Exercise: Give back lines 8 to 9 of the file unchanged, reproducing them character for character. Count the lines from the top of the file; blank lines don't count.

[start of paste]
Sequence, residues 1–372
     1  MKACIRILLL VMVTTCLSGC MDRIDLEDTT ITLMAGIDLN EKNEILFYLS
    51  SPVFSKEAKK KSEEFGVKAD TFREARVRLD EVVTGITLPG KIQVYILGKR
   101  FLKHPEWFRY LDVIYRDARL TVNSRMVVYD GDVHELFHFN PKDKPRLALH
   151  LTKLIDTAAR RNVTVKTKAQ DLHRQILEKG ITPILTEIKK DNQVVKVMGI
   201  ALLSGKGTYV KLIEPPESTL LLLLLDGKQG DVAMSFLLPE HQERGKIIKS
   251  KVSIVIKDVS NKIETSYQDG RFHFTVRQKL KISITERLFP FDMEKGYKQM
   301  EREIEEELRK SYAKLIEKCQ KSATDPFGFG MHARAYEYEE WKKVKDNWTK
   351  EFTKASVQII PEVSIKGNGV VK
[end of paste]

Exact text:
   301  EREIEEELRK SYAKLIEKCQ KSATDPFGFG MHARAYEYEE WKKVKDNWTK
   351  EFTKASVQII PEVSIKGNGV VK